A few years ago a “new swing revival” burst onto the music scene, bolstered by newcomers like the Brian Setzer Orchestra, Big Bad Voodoo Daddy, and the Royal Crown Revue, among others. Suddenly techno clubs featured swing nights, as albums by these artists appeared at the top of the charts. Although the new swing craze has passed as we all knew it would, one positive fallout was that many older stalwarts, like Louis Prima and Louis Jordan, received posthumous exposure as a result.
Another swing artist deserving of wider exposure is Slide Hampton, who has recently been given the reissue treatment by Collectables Records with a two-fer CD overflowing with enthusiasm and swing. Hampton, a gifted trombonist and arranger who previously spent time with both Lionel Hampton and Maynard Ferguson, keeps things lively on both sessions with punchy horn arrangements and lively tempos that make the relatively small orchestra of ten sound like twenty. All of the selections here are real toe-tappers, propelled with a ferocious snap by Vinnie Ruggiero on drums and either Ray Barretto or Willie Bobo on congas. The addition of congas adds an additional “junglish” sound to every track, in particular the Hampton original “The Barbarians”. All soloists are in fine form throughout, especially Hampton and Jay Cameron; only a few soloists are permitted on each track, which leaves room for everyone to stretch out for a few choruses. Those in the know will recognize veteran players like George Coleman and Horace Parlan among the mix. As far as the sessions themselves are concerned, Jazz With a Twist is a relatively straightforward set, whereas Explosion! is a bit more adventurous, including country and western tunes, Arabian stylings on “Delilah”, and an upbeat arrangement of “Bye Bye Love” among the more traditional tunes. Although still a good session, the eclectic nature of the tunes on the latter recording detracts from the overall enjoyment. However, the seven originals included on both prove that Hampton can compose tunes that can stand alongside any big band chart currently in circulation.
While not likely to launch another swing revival, this CD is a welcome reissue to an artist deserving of more attention. The last swing craze was fueled by the sheer joy and enthusiasm that good big band music can inspire; Hampton’s recordings are no exception. If Brian Setzer ever needs some inspiration, he would be wise to check out these recordings.
Track Listing: The Jazz Twist, Mack the Knife, Gorgeous George, Strollin', The Barbarians, Work Song, Slide Slid, Day In Day Out, Red Top, Revival, Maria, Delilah, Begin the Beguine, Your Cheatin' Heart, Spanish Flier, Bye Bye Love, Love Letters, Slide's Blues.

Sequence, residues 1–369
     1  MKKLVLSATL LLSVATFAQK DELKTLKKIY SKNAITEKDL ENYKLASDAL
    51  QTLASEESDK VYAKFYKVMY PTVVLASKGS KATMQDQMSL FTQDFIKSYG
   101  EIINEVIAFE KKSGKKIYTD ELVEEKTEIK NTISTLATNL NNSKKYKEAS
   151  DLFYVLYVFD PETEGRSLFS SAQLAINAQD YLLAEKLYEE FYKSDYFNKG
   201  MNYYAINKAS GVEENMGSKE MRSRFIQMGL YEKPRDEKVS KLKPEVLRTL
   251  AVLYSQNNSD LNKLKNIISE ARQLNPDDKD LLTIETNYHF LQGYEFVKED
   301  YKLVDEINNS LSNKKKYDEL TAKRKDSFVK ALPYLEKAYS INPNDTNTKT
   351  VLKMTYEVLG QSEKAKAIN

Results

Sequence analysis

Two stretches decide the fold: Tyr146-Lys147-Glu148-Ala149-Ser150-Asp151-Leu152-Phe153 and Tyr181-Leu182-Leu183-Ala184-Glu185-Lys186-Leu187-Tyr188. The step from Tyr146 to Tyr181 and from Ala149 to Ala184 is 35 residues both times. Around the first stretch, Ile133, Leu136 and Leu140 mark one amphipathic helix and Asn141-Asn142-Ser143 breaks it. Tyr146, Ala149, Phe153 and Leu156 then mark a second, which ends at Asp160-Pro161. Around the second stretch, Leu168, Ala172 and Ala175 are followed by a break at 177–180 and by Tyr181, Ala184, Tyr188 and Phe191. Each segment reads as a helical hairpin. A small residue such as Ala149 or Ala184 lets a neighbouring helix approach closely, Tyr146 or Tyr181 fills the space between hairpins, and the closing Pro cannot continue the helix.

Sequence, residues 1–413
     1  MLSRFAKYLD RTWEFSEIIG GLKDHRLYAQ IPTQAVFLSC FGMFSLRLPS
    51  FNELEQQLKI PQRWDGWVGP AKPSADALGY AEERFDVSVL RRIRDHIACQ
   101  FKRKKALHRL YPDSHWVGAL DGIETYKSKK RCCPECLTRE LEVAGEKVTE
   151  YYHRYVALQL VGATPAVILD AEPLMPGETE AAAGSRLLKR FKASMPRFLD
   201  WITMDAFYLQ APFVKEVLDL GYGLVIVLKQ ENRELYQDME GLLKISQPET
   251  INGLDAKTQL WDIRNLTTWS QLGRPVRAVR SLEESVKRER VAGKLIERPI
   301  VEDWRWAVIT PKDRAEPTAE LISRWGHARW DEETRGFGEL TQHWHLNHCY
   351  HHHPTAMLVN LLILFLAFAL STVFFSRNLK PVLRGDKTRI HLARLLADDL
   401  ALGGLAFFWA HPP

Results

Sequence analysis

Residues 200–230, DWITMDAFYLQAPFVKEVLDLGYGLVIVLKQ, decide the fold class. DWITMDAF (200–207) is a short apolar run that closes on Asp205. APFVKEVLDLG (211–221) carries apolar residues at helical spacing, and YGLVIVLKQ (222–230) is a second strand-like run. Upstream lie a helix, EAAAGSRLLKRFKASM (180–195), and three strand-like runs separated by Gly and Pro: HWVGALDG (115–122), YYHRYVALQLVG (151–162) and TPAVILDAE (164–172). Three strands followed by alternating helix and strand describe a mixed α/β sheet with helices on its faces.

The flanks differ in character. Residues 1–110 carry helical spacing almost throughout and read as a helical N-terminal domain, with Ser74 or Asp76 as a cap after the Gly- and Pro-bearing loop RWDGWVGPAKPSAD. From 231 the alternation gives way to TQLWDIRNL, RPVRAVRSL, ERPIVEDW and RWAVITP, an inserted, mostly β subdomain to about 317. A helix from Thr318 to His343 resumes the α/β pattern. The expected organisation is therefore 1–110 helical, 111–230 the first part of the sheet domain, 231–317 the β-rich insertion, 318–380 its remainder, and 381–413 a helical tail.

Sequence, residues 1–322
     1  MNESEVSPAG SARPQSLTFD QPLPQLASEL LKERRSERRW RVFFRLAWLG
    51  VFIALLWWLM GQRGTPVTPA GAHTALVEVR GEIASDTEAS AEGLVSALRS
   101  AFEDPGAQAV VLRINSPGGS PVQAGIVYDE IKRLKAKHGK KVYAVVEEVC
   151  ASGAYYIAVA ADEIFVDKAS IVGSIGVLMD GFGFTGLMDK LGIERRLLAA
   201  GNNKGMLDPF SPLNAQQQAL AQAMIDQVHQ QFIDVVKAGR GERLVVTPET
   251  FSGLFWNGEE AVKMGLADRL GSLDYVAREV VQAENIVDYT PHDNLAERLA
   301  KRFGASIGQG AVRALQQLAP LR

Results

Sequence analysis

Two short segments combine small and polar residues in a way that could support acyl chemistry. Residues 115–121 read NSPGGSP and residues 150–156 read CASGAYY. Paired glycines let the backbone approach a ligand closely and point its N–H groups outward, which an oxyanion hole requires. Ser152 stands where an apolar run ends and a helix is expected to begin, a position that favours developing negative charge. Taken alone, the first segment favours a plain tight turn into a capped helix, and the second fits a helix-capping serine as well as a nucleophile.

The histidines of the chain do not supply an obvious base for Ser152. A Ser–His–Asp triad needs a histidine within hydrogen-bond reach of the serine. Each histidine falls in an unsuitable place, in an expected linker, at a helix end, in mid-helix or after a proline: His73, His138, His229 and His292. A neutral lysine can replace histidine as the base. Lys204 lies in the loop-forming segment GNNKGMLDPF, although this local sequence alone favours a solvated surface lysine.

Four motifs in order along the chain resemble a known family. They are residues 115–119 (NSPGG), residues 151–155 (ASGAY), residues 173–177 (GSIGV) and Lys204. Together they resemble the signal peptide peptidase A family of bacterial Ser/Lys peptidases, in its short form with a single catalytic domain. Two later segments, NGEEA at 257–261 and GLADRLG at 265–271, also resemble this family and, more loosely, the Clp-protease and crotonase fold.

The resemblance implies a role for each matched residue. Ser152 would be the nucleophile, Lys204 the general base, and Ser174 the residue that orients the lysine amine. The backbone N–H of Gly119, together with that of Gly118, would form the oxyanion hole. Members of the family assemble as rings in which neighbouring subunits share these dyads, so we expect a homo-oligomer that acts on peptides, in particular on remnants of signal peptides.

Personnel: on "Jazz With a Twist":Slide Hampton and Benny Jacobs-El, trombones; Willy Thomas and Hobrt Johnson, trumpets; George Coleman, tenor sax; Jay Cameron, baritone sax; Horace Parlan, piano; Eddie Khan, bass; Ray Barreto, congas; Vinnie Ruggiero, drums. On "Explosion!" Slide Hampton and Benjamin Jacobs-El, trombones; John Bello, Chad Ferreti, and Jerry Tyree, trumpets; Joe Farrell, tenor sax; Jay Cameron, baritone sax; Horace Parlan, piano; Bob Cranshaw, bass; Vinnie Ruggiero, drums; Willie Bobo, congas.
I was first exposed to jazz when I was tiny. My earliest memory is watching Ella Fitzgerald scat on a Christmas special when I was no older than four. Like many who are from tiny towns, my first extended exposure was listening to the high school jazz band when I was a kid
I was first exposed to jazz when I was tiny. My earliest memory is watching Ella Fitzgerald scat on a Christmas special when I was no older than four. Like many who are from tiny towns, my first extended exposure was listening to the high school jazz band when I was a kid. For some reason I remember an arrangement of Hey Jude they did. My first real exposure was Stan Kenton in the Smithville, MO high school gym. Kenton and the band director there were old friends, so he would play there from time to time. My dad took me without telling me where we were going and it was the only show he ever took me to. I remember that Bobby Shew played Send In Clowns and I damn near levitated I was so excited. The huge sound and amazing chords floored me. I believe I was 13 at the time. I immediately started practicing and taking lessons. Music became a passion and nearly a career. I also listened to Dick Wright's Jazz Show on KANU every night. I can't even start to explain what I learned lying in bed listening to Dick talk about jazz. I met him once when I was struggling to put together a solo for Joy Spring playing in a combo at KU. Stopped by his office and asked for recommendations. He showed up at my jazz ensemble rehearsal the next day with a tape with example solos. What a kind man Dick Wright was.
My advice to new listeners is to stop worrying about what music is important and focus on music you like. I spent quite a bit of my music life listening to important music I didn't necessarily like. Must say I have quite a bit more fun now listening to music that I deeply enjoy. Some of it is even important.
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